Thoughts on Wagner’s The Flying Dutchman
by Joachim Schamberger
Richard Wagner’s The Flying Dutchman is one of the most dramatically exciting pieces in all of opera. The story of the cursed sailor who is doomed to sail the seas for all eternity in a ghost ship, and the young woman who sacrifices herself for his redemption has fascinated opera-goers for generations.
The idea of a woman sacrificing herself to redeem a man from guilt or a curse is a recurring theme in Wagner’s work. But what does that mean? Is it just a romantically idealized view of female purity?
The key to my understanding of the story lies in seeing the Dutchman and Senta as one person, not as separate individuals. They respectively personify masculine and feminine principles in each of us.
In the story, the Dutchman relentlessly tries to round the cape during a storm. He challenges nature, going against the energy of the universe, in order to prove his personal power. This is more important to him than his own wellbeing and that of his entire crew. He is resisting the energy of the universe, separating himself from the flow of life. This is the ultimate form of Ego. Because of this, he is then doomed for all eternity, symbolically showing us that there can be no salvation through Ego. Due to attributes we most often associate with male principals, he inflicts suffering on himself and creates turmoil in his soul, which is metaphorically reflected in the stormy sea.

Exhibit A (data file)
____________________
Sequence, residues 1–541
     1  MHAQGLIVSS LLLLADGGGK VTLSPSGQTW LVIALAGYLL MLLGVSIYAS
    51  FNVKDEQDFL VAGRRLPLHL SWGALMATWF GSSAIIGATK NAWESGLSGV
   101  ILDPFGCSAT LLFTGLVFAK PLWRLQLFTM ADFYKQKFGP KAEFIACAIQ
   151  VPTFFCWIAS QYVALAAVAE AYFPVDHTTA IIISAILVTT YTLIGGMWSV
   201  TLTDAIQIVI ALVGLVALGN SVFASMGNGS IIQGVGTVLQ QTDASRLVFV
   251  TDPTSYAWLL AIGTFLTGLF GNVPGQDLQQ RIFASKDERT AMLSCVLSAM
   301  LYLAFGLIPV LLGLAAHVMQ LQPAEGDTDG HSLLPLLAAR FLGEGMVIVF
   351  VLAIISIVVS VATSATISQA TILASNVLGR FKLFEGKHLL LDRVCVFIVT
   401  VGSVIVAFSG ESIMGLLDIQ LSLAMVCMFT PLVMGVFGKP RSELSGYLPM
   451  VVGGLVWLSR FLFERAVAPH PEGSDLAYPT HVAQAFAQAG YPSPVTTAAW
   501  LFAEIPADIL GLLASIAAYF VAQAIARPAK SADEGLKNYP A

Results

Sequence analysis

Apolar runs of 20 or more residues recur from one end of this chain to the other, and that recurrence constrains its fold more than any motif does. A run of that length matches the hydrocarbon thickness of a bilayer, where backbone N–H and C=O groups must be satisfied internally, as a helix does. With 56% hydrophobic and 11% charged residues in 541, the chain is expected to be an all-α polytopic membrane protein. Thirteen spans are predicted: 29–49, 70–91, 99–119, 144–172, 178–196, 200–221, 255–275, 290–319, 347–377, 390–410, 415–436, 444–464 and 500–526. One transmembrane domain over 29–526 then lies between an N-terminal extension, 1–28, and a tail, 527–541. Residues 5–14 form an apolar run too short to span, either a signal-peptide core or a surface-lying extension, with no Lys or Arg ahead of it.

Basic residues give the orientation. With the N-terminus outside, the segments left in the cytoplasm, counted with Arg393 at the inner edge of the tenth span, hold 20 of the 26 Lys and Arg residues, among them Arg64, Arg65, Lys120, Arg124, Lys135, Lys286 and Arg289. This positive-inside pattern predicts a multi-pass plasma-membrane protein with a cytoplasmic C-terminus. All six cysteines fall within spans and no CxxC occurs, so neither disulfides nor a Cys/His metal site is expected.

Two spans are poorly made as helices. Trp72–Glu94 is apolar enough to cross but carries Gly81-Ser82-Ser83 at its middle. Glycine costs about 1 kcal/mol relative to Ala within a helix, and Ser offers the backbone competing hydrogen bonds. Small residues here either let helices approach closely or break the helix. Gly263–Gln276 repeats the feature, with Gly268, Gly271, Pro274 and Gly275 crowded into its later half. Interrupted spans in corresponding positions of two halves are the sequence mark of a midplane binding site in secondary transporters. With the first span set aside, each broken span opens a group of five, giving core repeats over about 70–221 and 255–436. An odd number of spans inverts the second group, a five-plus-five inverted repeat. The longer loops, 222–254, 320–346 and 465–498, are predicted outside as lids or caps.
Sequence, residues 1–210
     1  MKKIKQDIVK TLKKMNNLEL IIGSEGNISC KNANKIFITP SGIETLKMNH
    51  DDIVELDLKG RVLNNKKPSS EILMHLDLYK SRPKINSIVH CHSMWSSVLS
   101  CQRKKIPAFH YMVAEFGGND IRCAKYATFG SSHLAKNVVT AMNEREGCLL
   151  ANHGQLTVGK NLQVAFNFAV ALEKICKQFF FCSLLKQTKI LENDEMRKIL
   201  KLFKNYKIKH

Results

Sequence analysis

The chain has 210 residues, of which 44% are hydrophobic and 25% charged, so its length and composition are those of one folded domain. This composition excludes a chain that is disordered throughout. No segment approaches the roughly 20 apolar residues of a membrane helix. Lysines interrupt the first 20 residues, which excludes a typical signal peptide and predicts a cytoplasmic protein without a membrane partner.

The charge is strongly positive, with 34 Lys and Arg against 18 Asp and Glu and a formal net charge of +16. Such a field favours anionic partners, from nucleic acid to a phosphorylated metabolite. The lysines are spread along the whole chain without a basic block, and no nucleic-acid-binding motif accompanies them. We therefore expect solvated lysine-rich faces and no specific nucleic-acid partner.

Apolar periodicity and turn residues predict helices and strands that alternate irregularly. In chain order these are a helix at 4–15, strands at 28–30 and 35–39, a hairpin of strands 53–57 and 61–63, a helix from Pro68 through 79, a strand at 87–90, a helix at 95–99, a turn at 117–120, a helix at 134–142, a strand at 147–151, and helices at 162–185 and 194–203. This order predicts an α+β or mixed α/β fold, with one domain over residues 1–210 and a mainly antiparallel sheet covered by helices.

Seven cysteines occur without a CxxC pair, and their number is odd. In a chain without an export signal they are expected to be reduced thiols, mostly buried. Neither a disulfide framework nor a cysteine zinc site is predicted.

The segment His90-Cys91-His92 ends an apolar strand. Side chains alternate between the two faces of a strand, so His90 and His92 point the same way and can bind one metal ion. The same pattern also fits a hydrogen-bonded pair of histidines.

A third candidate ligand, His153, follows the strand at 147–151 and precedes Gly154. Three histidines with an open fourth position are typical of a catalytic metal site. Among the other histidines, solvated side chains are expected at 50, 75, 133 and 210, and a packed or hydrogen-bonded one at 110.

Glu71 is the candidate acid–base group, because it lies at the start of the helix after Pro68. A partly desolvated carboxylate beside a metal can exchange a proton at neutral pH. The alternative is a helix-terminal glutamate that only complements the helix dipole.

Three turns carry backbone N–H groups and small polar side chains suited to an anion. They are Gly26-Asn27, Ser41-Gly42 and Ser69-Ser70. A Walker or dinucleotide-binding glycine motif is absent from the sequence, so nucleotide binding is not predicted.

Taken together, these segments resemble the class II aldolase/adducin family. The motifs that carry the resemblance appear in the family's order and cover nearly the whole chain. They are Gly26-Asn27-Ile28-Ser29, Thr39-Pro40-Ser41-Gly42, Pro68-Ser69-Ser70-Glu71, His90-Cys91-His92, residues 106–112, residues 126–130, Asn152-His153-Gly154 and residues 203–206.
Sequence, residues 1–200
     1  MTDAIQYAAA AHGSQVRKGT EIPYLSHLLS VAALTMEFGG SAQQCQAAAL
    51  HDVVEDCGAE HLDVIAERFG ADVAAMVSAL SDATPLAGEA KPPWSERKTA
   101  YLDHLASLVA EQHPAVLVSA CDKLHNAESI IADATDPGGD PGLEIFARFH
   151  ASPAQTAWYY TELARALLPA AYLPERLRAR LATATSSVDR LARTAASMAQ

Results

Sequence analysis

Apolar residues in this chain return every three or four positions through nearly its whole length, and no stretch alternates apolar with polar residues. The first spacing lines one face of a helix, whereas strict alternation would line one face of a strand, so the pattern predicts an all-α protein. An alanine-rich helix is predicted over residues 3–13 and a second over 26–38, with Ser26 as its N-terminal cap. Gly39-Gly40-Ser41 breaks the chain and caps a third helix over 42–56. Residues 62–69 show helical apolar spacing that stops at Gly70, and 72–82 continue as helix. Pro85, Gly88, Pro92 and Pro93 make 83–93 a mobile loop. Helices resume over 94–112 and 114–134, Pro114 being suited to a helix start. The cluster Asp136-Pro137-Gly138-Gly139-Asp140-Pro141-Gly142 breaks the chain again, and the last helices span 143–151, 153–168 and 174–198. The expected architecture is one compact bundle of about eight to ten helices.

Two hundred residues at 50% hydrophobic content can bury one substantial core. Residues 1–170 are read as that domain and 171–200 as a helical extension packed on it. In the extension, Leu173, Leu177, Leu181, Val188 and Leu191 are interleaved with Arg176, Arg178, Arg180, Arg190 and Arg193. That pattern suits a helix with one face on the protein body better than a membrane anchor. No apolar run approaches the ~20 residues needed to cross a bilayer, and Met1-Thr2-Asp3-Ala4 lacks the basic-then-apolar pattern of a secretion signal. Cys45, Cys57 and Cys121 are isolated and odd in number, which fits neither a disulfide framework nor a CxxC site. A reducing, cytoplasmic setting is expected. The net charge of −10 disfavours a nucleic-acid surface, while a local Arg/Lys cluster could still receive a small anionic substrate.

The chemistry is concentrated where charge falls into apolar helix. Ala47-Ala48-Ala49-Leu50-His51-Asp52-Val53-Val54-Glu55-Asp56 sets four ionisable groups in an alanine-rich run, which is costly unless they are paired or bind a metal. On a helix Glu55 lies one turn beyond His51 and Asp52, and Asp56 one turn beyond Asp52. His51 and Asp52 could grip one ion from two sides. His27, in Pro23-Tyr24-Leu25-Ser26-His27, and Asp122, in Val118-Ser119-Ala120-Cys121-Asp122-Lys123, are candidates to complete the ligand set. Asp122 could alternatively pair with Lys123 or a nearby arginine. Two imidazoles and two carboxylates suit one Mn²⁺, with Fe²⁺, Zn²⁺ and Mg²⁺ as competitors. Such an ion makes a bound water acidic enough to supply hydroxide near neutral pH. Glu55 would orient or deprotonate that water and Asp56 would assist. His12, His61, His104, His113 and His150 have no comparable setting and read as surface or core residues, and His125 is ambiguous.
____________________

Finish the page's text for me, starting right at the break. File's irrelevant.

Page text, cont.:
What offers us salvation?
An often-overlooked aspect of the story is the fate of the countless women who did not keep their vow. In his first aria, the Dutchman bitterly wonders if the angel who offered him this path to salvation was only mocking him. Why can’t he find a faithful woman? Is it their fault? Or are they repulsed by him when they find out who he is? As we learn from the Dutchman’s lines in Act III, the fate of the unfaithful women is “eternal damnation.”
What distinguishes Senta from the other women? She seems obsessed with the legend of the Dutchman, while the other characters are all worried for her mental health. There have even been productions where the entire story takes place in Senta’s schizophrenic imagination. However I don’t see Senta as insane, in fact completely the opposite. She is the only one who sees clearly that she has to save the Dutchman. She knows it instinctively and her motivation is a quality we most strongly associate with feminine principles: Compassion.
There is one more thing that is different with Senta. It is the first time the Dutchman puts the salvation of the woman above his own, and releases her from her vow. Having seen her compassion, he then shows compassion for her. He reintegrates feminine principals into his actions, which ultimately contributes to his own redemption.
When Senta dies, she is united with the Dutchman in Heaven. Feminine and masculine have been reunited. They are one again. If we look at the couple as a representation of our entire collective humanity, we may interpret Wagner’s opera as a suggestion that our salvation as a species may lie in the reintegration of female principles into a world heavily dominated by male concepts. We have a chance to change our realty, which is largely created by egoic thinking, through the power of compassion.